NORTH MANKATO — John Harrenstein is calling this the “pivot” budget.
What he’s pivoting away from is obvious to anyone who’s been paying attention — the city’s troubles with debt, unpaid assessments and its credit downgrade.
But what he’s pivoting toward is a little more complicated. Harrenstein, in his first year as city administrator of North Mankato, said his budget accomplishes five things. And it appears to have the City Council’s support.
First, it has a plan to begin repaying $3.2 million that the city’s water, sewer and general funds loaned to its debt service fund to help pay for unpaid assessments. Though these loans were just internal shifts of money, at least the $1.4 million from the two utility funds must be replaced by law.
Though a consultant recommended paying those loans back within four years and begin by raising the levy by $100,000 next year, the city took a different tack.
This leads in to the second accomplishment: no property tax increase.
There’s a tradeoff in that those internal loans will take 10 years, not four, to pay back. But Harrenstein said a tax increase for the city’s financial troubles wouldn’t be fair to its residents.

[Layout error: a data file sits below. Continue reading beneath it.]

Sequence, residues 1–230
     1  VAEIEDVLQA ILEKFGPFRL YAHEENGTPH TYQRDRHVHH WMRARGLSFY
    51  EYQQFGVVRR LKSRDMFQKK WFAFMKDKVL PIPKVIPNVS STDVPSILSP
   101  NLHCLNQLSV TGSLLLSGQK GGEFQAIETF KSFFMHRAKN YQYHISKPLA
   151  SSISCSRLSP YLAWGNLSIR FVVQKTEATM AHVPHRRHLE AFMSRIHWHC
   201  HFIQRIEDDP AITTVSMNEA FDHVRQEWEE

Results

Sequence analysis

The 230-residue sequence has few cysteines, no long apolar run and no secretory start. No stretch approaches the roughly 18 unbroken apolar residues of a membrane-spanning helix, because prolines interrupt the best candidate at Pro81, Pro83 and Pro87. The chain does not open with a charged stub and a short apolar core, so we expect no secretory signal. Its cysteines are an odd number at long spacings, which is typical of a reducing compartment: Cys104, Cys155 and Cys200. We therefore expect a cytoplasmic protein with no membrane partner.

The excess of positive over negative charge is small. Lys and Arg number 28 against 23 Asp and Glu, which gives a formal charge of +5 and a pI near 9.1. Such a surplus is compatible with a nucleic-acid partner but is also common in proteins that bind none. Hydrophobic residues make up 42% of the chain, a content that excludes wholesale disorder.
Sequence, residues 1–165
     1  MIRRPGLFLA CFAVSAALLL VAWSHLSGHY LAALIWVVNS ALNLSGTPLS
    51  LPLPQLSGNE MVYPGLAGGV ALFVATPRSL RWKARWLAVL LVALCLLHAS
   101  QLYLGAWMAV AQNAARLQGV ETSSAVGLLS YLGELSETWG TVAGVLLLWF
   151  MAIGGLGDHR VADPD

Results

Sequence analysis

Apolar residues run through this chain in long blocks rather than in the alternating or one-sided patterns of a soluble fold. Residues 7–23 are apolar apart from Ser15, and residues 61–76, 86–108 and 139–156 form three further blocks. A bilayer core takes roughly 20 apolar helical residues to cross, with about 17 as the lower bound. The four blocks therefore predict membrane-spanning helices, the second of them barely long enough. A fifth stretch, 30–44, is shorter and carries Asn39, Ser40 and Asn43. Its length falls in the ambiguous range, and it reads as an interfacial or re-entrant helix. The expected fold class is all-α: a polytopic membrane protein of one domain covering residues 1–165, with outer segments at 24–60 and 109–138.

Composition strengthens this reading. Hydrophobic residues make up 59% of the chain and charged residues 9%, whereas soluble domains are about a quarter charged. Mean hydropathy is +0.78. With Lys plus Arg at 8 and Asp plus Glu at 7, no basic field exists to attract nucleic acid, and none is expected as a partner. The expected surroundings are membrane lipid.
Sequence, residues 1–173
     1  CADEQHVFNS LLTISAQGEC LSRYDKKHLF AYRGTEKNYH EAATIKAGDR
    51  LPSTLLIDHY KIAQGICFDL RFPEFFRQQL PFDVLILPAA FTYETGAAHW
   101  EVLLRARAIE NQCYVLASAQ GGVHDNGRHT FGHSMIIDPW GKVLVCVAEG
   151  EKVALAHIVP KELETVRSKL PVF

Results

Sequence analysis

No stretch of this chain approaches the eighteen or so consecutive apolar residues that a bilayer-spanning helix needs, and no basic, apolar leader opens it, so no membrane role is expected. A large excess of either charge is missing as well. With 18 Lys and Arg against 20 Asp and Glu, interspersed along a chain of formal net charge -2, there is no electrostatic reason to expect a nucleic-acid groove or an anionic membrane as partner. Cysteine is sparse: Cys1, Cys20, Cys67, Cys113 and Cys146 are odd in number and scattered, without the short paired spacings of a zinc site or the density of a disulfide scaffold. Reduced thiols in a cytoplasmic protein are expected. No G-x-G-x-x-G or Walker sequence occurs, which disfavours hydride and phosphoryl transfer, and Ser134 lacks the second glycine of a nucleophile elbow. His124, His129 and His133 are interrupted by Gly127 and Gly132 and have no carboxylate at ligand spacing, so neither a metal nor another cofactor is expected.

“I don’t think we should foist that problem onto the community,” he said.
Residents will be paying more to City Hall next year, though, in the form of higher water and sewer fees. Combined, the funds will bring in about $1 million more next year on revenue of about $4.2 million.
That’s the budget’s third accomplishment, he said. Much of the new revenue will help the city avoid borrowing for small-scale projects and instead allow it to pay for those upgrades with cash.
Fourth, the budget allows the city to undergo its first comprehensive plan, which will cost the city about $24,000. A consultant hired by the city earlier in August is now working on a schedule, Harrenstein said.
Finally, the budget allows the city to rejoin Visit Mankato, a tourism entity, and Greater Mankato Growth, both of which it left in 2008. At that time, City Administrator Wendell Sande said it was “appropriate” for the city to part ways with those groups. And changes in the council’s makeup make it worth revisiting that topic, Harrenstein said.
He’s still negotiating with those groups, so it’s not clear what the city would pay.
Mayor Mark Dehen said he supports the city becoming a member of Greater Mankato Growth’s Regional Economic Development Alliance.
Dehen also said he was pleased with the budget.
“I think the budget will probably go through pretty easily. I didn’t hear from the council that anyone had any issue with it,” he said.
Councilman Bob Freyberg agreed, calling it the best budget he’s seen in North Mankato.
It addresses the “red flags” of previous audits, he said in an email.
“It also identifies a plan of action to restore the good faith and credit of the city of North Mankato and should impress even the most doubtful at Moody’s Investors Services,” he wrote.
Freyberg also called the utility fee increases “long overdue.”